Tuesday, March 7, 2006
Congratulations to Harvard CrimProf Charles Ogletree, who was recently named the first ever recipient of the Rosa Parks Award, given by the city of Boston. Mayor Thomas Menino presented the award as part of the city's African American Achievement Awards for black history month. "I'm deeply honored to receive the inaugural Rosa Parks Award from the city of Boston and Mayor Menino," Ogletree said. "Rosa Parks sat down, in protest, so that people like me, generations later, could stand up, and fight for justice and equality."
Throughout his legal career, Professor Ogletree has focused on issues of civil rights and justice. In September, he launched the Charles Hamilton Houston Institute for Race & Justice to study issues of racial injustice. He has written exstensively about civil rights and is the author of two books that examine Brown v. Board of Education--"Brown at 50: The Unfinished Legacy" and "All Deliberate Speed." The newly formed CHH Institute will sponsor research, hold conferences, research policies, and promote partnerships to explore topics related to race and justice.
Congratulations to Professor Ogletree on his award and his many contributions. [Mark Godsey]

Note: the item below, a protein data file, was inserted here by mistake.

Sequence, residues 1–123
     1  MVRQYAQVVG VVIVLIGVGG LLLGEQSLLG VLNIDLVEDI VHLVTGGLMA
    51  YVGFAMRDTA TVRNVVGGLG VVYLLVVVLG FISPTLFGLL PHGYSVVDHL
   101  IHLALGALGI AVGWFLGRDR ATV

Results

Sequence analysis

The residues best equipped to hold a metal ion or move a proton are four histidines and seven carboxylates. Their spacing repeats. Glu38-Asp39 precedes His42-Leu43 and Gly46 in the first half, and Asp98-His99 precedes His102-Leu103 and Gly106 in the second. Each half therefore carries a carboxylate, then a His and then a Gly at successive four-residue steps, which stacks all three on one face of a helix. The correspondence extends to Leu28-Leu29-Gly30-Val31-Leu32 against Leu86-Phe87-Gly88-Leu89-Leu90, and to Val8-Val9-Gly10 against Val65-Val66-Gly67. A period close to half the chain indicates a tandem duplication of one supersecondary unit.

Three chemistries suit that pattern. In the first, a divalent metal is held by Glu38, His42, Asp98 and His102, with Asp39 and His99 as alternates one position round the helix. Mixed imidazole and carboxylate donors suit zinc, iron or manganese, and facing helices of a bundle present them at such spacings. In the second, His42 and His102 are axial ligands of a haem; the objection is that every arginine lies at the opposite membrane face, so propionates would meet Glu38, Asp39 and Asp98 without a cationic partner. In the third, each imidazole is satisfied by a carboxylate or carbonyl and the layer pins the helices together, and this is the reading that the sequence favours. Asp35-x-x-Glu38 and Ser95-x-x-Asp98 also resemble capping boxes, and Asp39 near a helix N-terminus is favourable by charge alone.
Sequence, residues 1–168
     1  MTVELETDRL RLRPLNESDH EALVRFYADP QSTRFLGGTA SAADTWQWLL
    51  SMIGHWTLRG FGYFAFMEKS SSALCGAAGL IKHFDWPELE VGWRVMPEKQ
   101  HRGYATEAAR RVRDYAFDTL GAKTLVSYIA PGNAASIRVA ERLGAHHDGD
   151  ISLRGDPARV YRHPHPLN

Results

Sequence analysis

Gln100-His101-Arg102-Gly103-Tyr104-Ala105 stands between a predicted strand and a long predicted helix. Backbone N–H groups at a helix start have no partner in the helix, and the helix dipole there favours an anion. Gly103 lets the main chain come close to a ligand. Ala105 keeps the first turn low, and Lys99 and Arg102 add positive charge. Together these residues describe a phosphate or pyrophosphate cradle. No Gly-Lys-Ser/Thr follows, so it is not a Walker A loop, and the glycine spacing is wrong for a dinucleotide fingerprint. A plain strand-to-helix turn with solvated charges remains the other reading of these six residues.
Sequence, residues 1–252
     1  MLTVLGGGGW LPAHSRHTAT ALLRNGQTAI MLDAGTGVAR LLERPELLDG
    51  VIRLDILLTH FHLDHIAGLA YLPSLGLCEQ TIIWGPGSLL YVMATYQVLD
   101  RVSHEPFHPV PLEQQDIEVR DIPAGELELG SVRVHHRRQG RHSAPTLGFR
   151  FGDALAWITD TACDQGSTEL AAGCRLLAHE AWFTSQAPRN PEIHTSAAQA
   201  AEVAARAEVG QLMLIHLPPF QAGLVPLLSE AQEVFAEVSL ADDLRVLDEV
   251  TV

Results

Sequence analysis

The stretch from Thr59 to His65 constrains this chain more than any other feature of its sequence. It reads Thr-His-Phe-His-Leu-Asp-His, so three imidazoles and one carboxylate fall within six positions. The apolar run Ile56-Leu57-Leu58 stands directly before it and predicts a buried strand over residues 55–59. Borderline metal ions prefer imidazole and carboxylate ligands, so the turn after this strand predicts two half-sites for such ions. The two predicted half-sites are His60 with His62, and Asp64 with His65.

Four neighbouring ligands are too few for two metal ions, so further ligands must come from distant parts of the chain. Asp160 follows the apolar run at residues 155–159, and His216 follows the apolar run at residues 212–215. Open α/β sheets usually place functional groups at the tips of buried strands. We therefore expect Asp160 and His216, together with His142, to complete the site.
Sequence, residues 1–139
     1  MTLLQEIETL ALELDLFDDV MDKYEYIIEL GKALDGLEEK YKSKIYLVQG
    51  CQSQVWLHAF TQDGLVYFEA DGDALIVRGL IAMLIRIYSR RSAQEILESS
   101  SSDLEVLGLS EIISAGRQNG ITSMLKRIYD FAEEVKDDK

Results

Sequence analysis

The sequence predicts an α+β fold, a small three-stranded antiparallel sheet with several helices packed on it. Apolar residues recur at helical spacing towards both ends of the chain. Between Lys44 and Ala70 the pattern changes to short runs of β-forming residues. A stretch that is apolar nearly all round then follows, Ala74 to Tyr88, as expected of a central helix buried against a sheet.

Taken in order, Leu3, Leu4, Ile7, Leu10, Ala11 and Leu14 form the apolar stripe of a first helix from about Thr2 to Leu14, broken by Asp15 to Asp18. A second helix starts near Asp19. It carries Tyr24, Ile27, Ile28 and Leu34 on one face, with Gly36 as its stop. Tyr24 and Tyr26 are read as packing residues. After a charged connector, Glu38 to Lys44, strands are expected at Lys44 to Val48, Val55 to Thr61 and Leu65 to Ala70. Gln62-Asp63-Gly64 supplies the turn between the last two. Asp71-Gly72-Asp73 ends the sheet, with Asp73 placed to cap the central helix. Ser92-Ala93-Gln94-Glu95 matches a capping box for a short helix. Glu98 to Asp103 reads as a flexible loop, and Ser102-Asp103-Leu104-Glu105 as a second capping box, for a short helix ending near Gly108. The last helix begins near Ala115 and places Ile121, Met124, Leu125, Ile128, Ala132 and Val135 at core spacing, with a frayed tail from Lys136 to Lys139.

The law school’s Indigent Criminal Defense and Juvenile Justice Clinics will begin in the fall semester 2006. The Criminal Defense Clinic is a joint project with the Office of the DeKalb County Public Defender. Students in the Criminal Defense Clinic will work directly with clients and will participate in courses taught by O’Connor. They will have the opportunity to represent criminal defendants, primarily in misdemeanor cases, in DeKalb County.
The Juvenile Justice Clinic is a unit of the Law School's Barton Child Law and Policy Clinic. Waldman will develop the Juvenile Justice course, teach fundamentals of juvenile law and litigation, interview and represent children. Also, she will supervise certified legal interns who represent children in delinquency and other proceedings – providing advocacy in the areas of school discipline, special education, mental health, and public benefits. More details on the clinics here. [Mark Godsey]
Monday, March 6, 2006
If U.S. officials overhear talk of a planned murder or rape while eavesdropping on a telephone call under President George W. Bush's domestic spying program, what can they do -- within the law -- to stop it? "We wouldn't know where to look to find the law because there is no law," said celebrated criminal defense lawyer and Harvard CrimProf Alan Dershowitz. "Plainly we would not want them to ignore it" but no laws have been written to govern how the information can be used in court, he said.
In his new book, "Preemption: A Knife That Cuts Both Ways," Dershowitz supports preventive counter-terrorism measures -- from wiretapping to profiling, mass inoculation, targeted extrajudicial killings and preemptive military action -- to head off attacks by suicide bomber and other terrorists. But he says the Bush administration is bending the rules by failing to draw legal boundaries around those measures. Never shy of controversy, Dershowitz is sending each U.S. Senator and Congressman a copy of his book to spur debate on the issue. More from Washingtonpost.com. . . [Mark Godsey]
Sunday, March 5, 2006